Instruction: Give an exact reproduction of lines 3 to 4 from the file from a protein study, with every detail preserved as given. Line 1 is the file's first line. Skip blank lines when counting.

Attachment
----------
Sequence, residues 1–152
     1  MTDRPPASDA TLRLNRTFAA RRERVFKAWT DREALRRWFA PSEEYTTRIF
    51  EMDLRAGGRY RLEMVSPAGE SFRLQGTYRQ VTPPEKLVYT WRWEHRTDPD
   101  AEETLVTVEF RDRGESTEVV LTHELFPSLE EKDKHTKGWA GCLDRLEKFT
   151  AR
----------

    51  EMDLRAGGRY RLEMVSPAGE SFRLQGTYRQ VTPPEKLVYT WRWEHRTDPD
   101  AEETLVTVEF RDRGESTEVV LTHELFPSLE EKDKHTKGWA GCLDRLEKFT